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Goaded by a local writer with an interest in Groton's Fort Griswold, I wrote in August that the opening of the state's two-year, $27 million branding tourism campaign, Still Revolutionary, strangely omits the state's Revolutionary War prize - the most distinct remaining fort of the war in the country.
I'm not surprised that newspaper column fell on deaf ears in Hartford.
Three months later, you still can't find a mention of Fort Griswold on the state's tourism website without specifically searching for it.
It is not included in any of the featured sections for state attractions on the site, including an interactive map of places to visit and a timeline of Revolutionary events in Connecticut. A big picture of Gov. Dannel Malloy and a welcoming message are easy to find, though, on the home page of ctvisit.com.
But while I am OK with being ignored, I was disappointed that the governor also seemed to turn a deaf ear to a group of Waterford eighth-graders, who later also took up the cause of including Fort Griswold in the state's new tourism campaign.
The history students at Clark Lane Middle School in Waterford were much more eloquent than me, in a series of letters they wrote together and sent to the governor in September.
"We are proud of our state's heritage and history and believe that it is important in a campaign called 'Still Revolutionary' that we actually present the part that makes Connecticut revolutionary," wrote the students.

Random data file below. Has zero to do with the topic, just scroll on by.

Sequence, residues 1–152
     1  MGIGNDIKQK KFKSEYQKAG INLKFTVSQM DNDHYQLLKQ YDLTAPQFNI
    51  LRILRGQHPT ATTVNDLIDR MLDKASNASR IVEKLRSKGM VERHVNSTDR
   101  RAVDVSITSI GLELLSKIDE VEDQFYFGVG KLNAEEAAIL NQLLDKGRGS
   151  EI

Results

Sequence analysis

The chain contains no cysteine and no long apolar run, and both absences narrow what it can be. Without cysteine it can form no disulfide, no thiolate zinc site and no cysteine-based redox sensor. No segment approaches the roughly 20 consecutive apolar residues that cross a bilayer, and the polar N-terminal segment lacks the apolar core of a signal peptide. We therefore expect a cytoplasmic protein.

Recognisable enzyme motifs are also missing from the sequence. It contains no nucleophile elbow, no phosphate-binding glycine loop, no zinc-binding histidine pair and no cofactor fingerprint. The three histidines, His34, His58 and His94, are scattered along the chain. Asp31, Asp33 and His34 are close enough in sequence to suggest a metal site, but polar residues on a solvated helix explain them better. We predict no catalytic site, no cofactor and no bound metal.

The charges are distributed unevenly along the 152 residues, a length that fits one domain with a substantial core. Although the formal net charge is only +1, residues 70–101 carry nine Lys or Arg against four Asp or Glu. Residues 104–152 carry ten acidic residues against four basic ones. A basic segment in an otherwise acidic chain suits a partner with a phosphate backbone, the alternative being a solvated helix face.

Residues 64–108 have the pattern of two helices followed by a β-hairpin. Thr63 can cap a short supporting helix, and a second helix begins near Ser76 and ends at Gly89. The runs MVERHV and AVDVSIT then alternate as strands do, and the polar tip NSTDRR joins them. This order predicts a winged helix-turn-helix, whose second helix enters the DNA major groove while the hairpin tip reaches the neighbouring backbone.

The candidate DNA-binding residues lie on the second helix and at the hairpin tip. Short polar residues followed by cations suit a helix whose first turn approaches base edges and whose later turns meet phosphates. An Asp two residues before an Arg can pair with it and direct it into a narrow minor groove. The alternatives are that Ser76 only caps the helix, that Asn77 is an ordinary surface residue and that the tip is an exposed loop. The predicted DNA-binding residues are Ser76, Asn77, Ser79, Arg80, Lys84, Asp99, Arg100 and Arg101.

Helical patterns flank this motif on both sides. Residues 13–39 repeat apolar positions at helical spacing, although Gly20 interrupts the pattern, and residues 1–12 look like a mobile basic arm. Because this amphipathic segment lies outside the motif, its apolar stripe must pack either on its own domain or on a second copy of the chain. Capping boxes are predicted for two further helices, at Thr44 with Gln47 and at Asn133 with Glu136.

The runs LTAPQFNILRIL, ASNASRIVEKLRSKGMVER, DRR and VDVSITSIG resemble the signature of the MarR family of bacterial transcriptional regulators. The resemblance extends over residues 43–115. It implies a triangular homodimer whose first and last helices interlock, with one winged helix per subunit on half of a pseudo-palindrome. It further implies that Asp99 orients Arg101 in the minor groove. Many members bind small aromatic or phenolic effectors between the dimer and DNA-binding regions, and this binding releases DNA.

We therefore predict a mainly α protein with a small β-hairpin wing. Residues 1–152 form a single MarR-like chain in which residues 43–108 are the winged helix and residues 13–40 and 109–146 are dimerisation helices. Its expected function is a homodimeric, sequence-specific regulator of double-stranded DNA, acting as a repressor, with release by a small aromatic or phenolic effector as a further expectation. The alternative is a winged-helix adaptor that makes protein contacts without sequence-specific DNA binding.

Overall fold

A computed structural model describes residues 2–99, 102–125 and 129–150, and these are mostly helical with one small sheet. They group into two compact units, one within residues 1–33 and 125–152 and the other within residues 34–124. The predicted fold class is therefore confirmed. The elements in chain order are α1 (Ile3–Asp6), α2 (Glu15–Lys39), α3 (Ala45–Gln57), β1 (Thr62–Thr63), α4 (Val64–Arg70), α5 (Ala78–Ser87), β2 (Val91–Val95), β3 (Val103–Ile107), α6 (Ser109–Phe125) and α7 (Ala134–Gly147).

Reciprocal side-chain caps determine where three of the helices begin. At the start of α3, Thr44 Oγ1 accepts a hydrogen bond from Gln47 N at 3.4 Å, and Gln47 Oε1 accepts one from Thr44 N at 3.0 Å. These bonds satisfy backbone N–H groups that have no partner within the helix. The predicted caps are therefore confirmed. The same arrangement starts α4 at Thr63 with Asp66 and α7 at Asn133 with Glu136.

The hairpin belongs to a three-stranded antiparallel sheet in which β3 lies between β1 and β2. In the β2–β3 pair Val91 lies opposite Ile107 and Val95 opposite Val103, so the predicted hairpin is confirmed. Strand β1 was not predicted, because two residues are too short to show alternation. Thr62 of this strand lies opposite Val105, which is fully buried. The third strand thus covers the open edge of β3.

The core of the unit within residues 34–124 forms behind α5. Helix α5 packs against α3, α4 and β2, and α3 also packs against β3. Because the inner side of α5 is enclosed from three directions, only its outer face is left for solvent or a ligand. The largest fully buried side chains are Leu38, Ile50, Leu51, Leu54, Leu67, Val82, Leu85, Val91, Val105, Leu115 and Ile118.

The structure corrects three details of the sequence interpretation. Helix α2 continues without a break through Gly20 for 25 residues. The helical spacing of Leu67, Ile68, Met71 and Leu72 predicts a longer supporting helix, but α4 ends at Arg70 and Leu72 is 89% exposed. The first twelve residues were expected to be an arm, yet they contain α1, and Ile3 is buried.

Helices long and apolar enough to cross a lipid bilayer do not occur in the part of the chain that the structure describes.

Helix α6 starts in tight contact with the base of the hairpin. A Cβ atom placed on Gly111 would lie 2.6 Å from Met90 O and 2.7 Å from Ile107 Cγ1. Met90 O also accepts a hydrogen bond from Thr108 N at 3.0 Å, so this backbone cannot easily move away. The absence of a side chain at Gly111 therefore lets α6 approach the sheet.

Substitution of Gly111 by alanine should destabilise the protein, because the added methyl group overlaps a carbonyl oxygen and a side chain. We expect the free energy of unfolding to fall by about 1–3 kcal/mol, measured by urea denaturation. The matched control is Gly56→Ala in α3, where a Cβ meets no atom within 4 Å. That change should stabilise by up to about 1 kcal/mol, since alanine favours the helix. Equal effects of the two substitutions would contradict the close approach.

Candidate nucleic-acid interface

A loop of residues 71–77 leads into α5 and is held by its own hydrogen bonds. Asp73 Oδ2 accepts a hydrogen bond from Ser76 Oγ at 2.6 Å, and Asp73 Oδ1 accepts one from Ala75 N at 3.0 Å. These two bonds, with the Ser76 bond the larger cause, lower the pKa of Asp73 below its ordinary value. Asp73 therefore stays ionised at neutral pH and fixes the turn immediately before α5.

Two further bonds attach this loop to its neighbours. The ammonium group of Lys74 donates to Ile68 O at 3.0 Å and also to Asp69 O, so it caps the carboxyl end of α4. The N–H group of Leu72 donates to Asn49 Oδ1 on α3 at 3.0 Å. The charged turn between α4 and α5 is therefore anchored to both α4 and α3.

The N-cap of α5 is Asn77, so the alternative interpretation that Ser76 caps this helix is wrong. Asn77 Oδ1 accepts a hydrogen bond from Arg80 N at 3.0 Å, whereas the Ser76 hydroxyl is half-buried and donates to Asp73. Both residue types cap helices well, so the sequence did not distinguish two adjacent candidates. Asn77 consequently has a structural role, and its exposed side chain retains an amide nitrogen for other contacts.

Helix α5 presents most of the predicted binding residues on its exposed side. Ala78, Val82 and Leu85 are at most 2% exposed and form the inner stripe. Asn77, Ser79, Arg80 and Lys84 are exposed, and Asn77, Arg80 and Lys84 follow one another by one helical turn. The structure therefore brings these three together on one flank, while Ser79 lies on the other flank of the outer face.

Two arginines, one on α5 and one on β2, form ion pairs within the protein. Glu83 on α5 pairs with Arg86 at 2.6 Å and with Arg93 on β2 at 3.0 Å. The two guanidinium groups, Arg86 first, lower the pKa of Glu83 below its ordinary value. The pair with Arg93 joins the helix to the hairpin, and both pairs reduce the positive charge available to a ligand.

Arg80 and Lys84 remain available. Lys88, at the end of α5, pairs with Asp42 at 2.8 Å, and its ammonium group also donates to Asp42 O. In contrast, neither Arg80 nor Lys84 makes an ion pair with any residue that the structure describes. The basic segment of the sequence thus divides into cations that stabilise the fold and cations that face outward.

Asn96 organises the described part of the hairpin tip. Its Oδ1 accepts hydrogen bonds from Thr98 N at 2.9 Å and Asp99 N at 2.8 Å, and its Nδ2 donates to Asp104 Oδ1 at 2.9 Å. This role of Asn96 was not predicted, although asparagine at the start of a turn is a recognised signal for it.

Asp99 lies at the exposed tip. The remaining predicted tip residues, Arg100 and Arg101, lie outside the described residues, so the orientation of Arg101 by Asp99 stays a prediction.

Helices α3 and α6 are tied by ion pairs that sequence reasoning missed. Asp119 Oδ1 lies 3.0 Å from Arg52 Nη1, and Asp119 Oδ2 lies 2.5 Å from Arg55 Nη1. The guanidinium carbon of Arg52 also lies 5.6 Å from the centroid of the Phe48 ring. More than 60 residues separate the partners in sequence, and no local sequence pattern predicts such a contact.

It's so simple that you would think they would get it in Hartford.
The state's tourism director told me, when I called the governor's office to ask about the students' letters, that it is unlikely that the Revolutionary War's Fort Griswold will ever be included in any of the television commercials for the Still Revolutionary campaign. None are planned for the first, two-year phase.
He did suggest that the students make a good point in their letters and said Fort Griswold might be included in other aspects of the campaign in the future, like online promotions.
But I am dubious about this claim, because he also told me Fort Griswold is included on the ctvisit.com site. Even with a search engine, you can only find the barest mention of the fort on the site, which trumpets all other kinds of attractions in the state, from the casinos to the whales at Mystic Aquarium.
Maybe the students are right when they suggest better promotion of the fort would lead to more visitors and a plan to invest more in its upkeep.
"Fort Griswold should be included in the campaign because it is forgotten local history, it needs the money and it is a unique Revolutionary War site," the students wrote to the governor. "Fort Griswold is run down and it doesn't show the beauty that it once was. If you put Fort Griswold into the 'Still Revolutionary' campaign, people will be more aware and people will pay money to see it.
"Then the maintenance will be increased and we can preserve this remarkable revolutionary site."
It makes you think maybe we ought to let eighth-graders run the state.
Gov. Malloy wrote back to the Clark Lane students in late October and said "Fort Griswold and the battle fought there are representative of the many great experiences Connecticut has to offer."
The governor acknowledged that the fort was not included in the Still Revolutionary TV commercials and campaign, but he suggested it is "highlighted" on the tourism website.
I guess he hasn't checked out that website.
I might take this chance to set the record straight. I wrote in August that the battle in Groton was the only one in Connecticut during the Revolutionary War.
I heard from a number of historians who there was also another battle in the state, in Danbury.
Of course, that battle is not mentioned either in the Still Revolutionary campaign.
This is the opinion of David Collins.